Good Morning Ms. Fletcher. I am so glad that I found you. Maida Heatter had been my baking guru since 1969 but I just found your website and I look forward to following you. Cook’s Illustrated has recently focused on a Cranberry curd tart. When searching the web for more info about it, I found your site and recipe from 2014! It is fabulous! The chocolate cookie crust is delish. The filling is yummy! I did strain it! But your ganache topping appears to have incorrect proportions. Your ingredients say 2/3 cup of heavy cream to 2 1/2 ounces of chocolate. That makes a thin chocolate milk! topping. I doubled the chocolate and it made a wonderfully pourable glaze. I made this as a birthday cake for someone who loves curd tarts. (Since I made a mini one too, I can tell you IT IS FABULOUS.)
    I look forward to reading all of your past posts.
    Thank you so much for an excellent teaching site with clear pictures and descriptions.
    Joan Nemirow

    1. hfletcher Post author

      Hi Joan, Thank you so much for pointing out that error. You were entirely correct to double the chocolate. I’m not sure why I reduced it by half. The amazing part is that recipe is the most popular Thanksgivig recipes on my site. Literally thousands of people go to the blog to find it. And yet,no one has ever said anything. I corrected it immediately and wanted you to know that I value your input and welcome you to the blog. I love teaching and sharing what I have learned as a professional all these years. Stay safe and thank you again.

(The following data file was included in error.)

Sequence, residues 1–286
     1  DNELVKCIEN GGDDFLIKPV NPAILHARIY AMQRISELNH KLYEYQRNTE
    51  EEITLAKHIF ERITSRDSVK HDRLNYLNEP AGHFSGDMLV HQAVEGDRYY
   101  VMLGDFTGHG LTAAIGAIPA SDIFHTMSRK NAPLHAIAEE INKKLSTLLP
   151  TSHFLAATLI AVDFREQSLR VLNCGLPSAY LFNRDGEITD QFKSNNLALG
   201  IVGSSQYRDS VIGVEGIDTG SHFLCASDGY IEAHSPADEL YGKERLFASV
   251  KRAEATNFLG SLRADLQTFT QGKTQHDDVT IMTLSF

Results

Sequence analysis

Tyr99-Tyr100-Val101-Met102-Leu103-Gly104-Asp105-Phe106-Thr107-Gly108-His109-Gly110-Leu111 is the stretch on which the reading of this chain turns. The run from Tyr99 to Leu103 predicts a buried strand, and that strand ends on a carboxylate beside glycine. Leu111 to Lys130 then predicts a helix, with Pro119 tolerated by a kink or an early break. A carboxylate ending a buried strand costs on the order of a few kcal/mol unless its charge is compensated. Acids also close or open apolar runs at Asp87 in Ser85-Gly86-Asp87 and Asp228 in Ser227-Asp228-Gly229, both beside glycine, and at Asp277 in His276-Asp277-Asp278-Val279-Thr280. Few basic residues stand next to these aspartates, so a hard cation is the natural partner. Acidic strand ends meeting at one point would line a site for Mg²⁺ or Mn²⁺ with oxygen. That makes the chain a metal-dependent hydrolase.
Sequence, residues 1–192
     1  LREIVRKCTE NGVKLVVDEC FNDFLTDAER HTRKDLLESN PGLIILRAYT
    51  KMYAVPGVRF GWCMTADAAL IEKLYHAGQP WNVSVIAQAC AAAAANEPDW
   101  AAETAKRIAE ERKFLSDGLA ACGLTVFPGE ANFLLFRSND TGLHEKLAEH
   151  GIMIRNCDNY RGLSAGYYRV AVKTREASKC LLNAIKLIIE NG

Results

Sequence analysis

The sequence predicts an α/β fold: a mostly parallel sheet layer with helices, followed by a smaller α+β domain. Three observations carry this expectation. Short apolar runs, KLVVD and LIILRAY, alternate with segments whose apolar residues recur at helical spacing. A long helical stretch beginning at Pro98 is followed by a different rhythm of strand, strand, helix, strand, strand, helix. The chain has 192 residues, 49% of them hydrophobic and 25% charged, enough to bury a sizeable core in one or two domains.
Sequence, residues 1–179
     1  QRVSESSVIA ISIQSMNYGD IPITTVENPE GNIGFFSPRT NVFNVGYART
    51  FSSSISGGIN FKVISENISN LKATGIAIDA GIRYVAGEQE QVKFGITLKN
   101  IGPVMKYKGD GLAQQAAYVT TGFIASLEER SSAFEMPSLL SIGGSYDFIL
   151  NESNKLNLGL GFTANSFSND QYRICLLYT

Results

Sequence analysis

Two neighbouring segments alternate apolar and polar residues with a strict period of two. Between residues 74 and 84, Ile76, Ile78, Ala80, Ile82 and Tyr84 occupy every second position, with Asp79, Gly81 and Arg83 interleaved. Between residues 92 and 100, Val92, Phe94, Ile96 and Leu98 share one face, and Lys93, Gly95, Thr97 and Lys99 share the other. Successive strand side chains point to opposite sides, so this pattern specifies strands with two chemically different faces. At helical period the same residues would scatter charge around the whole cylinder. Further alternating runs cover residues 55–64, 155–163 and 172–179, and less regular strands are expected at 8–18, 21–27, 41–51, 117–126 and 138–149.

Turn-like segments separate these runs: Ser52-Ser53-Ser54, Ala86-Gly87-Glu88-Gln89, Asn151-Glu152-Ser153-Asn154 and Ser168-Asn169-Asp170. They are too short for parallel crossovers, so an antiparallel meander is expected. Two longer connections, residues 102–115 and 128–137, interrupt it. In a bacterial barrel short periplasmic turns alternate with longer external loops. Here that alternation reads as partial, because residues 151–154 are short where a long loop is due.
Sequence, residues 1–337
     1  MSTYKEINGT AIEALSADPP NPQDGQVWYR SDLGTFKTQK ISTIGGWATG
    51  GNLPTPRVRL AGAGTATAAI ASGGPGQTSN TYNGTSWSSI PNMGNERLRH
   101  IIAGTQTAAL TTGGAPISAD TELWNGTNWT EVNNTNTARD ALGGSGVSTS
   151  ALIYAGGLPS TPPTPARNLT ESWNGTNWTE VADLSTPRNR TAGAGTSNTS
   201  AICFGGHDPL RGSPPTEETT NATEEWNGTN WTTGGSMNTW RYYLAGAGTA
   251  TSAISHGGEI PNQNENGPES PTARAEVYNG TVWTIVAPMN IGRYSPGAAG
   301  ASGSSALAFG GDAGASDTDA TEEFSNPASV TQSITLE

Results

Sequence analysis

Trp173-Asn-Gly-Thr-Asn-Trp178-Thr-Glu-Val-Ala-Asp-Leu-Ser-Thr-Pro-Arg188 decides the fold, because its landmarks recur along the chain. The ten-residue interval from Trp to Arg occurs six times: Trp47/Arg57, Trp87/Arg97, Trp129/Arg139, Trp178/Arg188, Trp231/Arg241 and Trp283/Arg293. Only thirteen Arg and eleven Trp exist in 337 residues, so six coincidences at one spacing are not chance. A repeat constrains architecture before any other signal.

1. hfletcher Post author

      Thanks Sally, It’s cookie season for sure. We have a little tree this year that I am decorating with all decorated cookies. So I thought I’d pass along some things I do to make it easier.

  2. Sondra Niederhauser

    Thank you for the sizes of cookie scoops. This will definitely come in handy. Thank you for sharing your knowledge. It really helps me be a better baker. Now I just need to plan some cookie baking!

    1. hfletcher Post author

      Hi Sondra – At the bakery we used disher/scoopers a lot. In fact for the ones constantly in use we had two. I think they are one of the most under rated tools in the kitchen. Useful for so much. For sure make your cookie plans. Everyone loves cookies!

  3. Shary Fellows

    Thank you. This post was brimming with useful information and just in time for holiday cookie baking.